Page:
It is difficult to apply traditional investment trends to homes that are built for residential tourism and lifestyle use. The use of traditional economic indicators such as GDP, demographics, housing stocks, etc. cannot always be applied successfully.
Historic statistics prove that with touristic coastal properties in Spain, the range between the “troughs” and “the peaks” during recessions is far higher than in primary residencies and can create a better margin for the investor.
This factor alone creates the opportunity where higher returns can be achieved and this trend is already being illustrated in the current market of today.
Q How do I choose a company that I can trust to look after my best interests?
Q Should I appoint a lawyer to oversee and co-ordinate my purchase?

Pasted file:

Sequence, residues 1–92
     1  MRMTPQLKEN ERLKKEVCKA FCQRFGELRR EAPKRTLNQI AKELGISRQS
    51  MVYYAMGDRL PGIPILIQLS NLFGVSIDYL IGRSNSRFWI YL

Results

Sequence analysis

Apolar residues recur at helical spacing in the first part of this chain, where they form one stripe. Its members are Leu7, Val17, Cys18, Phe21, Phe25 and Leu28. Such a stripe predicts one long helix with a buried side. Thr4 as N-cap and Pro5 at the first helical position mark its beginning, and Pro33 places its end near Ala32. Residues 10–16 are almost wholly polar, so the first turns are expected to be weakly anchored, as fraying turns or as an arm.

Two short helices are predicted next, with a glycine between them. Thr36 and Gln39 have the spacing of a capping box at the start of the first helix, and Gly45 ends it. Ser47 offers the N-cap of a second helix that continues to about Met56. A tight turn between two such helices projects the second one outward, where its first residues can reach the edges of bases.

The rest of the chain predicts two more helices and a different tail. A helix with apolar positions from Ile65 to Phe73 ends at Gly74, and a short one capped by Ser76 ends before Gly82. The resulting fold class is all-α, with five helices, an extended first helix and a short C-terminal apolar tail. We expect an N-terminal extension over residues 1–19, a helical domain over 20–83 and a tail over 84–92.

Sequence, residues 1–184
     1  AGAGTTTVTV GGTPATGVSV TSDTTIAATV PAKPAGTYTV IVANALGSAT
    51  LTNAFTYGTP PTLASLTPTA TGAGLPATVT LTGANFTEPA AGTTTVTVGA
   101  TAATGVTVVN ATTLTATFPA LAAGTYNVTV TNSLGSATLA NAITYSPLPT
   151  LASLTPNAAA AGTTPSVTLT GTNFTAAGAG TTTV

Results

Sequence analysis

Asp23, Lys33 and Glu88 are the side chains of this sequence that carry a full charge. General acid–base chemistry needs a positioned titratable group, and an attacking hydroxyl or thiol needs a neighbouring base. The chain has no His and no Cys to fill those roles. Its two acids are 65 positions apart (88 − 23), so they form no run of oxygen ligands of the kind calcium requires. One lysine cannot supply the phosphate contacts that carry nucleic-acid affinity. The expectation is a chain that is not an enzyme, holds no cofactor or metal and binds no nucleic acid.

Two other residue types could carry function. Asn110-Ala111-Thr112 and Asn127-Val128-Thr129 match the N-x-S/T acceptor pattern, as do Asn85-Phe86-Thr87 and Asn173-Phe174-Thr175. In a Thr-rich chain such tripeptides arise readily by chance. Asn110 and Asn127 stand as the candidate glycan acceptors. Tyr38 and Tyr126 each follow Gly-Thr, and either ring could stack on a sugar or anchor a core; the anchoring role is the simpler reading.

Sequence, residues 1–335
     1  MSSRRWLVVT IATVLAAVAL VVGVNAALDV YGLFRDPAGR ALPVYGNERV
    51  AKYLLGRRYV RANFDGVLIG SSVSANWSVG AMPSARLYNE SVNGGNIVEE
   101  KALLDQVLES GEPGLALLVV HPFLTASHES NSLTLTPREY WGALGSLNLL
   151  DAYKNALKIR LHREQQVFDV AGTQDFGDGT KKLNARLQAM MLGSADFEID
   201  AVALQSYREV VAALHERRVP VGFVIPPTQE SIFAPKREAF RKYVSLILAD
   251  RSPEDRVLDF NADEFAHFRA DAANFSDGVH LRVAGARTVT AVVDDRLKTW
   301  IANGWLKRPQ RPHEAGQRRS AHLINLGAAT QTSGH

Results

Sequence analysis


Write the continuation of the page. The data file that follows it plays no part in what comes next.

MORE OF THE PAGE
Q Is it best to purchase newly built or pre-owned property?
Q How easy is it to get a mortgage on a property in southern Spain?
The Spanish real estate market saw average property price rises of over 200% between 1996 and 2006 (RICS European Housing Review 2009). Between 2001 and 2006 the annual rate of increase was a lively 15% (TINSA Index March 2009). A prolonged period of low interest rates, rising inflation, traditionally high levels of Spanish home ownership, large-scale speculative property investment, cheap credit, irresponsible lending practices and a disproportionally large construction industry (13% of GDP) have led to a housing bubble comparable only within Europe to the UK and Ireland.